fMRI Brain Scans May Diagnose Mental Illness

Problems with the heart have long been diagnosed using tools like electrocardiograms, otherwise known as EKGs. Scans of the brain can already help doctors determine physical and physiological problems, and now researchers think they could improve the accuracy of mental illness diagnoses. The idea holds a lot of promise. If doctors can order a simple, non-invasive, fairly inexpensive scan that can quickly indicate or rule out mental illnesses, both patients and medical professionals will benefit. However, the idea of scanning the brain to prove a mental illness exists is not without controversy. Some believe it could be a violation of civil and human rights. They argue that the technique is not fool-proof and cannot diagnose an illness with certainty. There is a possibility of people getting misdiagnosed, and then mistreated as a result. Regardless of the naysayers, brain scanning for mental illness is improving all the time and could be beneficial in the field of mental health care.

Functional Magnetic Resonance Imaging

The new type of scan that holds so much promise for diagnosis is called functional magnetic resonance imaging, or fMRI. Regular MRI scans have been around for a long time, but fMRI is newer. The technique measures activity in different parts of the brain by looking at the levels of oxygen in the blood. This is an indirect way to look at brain activity. The more oxygenated blood in a region, the higher the activity there. Researchers use fMRI to scan patients while they perform certain tasks. When a part of the brain “lights up,” they know that it is involved in completing the task.

fMRI as Diagnostic Tool

Using fMRI as a diagnostic tool is promising for several reasons. An EKG is used so often to determine problems with the heart because it is a technique that is relatively cheap, neither painful nor invasive for the patient, and reliable. fMRI shows potential for similar reasons. The only question mark is just how reliable and effective the technique is for determining the presence of depression, schizophrenia, autism and other disorders. The idea is that the scans can detect when activity in certain parts of the brain is different from normal. It can also detect unusual communication between different areas of the brain. Researchers think that there are distinct patters of abnormal activity that characterize certain mental illnesses. If this is true, health professionals could not only better diagnose illnesses, they could track the effectiveness of treatments for them. Several experiments have shown that the fMRI scan can be successful at diagnosing specific mental illnesses. Comparisons between people with depression, for instance, and those without, show definite differences in fMRI scans. The depressed patients showed similar extra activity in one part of the brain that showed they overthought and worried about things. In another study, schizophrenic patients were shown to have similar fMRI scans that were different from those without the disorder.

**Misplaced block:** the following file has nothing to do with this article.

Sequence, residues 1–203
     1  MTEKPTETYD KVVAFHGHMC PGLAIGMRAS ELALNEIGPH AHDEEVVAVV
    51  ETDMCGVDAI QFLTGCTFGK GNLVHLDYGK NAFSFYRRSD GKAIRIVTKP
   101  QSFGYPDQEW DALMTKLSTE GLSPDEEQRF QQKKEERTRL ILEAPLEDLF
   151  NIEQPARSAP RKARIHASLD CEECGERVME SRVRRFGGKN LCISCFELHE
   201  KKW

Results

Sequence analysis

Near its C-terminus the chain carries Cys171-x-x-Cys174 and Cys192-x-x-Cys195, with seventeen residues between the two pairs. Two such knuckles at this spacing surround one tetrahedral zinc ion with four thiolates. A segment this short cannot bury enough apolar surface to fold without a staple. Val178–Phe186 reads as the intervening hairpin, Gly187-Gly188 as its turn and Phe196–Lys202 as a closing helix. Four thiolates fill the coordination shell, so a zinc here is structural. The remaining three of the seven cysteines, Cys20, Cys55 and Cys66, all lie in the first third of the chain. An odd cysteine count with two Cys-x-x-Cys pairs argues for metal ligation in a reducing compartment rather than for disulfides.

Problems With Diagnosis

The research, the patient-friendly nature of the scans, and the improvements in technology make fMRI a potential new diagnostic tool, but there are issues. The main issue is making sure that scans can accurately diagnose mental illness before they are used for that purpose. False positive diagnoses are a big concern. In addition to the studies that show the ability to distinguish between brains with mental illness and those without, there are studies that demonstrate false positives can happen. Another major hurdle is the difficulty of diagnosing someone who may have more than one mental illness at a time. And this is a big problem because this includes many, many people. The studies using fMRI as a successful diagnostic tool only looked at patients with a single, chronic mental disorder. Yet another potential problem is that fMRI may not be able to detect the early stages of a mental illness. The participants in the studies had been struggling with their illness for many years. In spite of the many issues still to be sorted out, fMRI could prove to be an invaluable tool for those working in the mental health professions. It may be a long way from being a definite diagnostic tool, but the ability to better understand what mental illness looks like in the brain and to track how well treatments work can only help patients.

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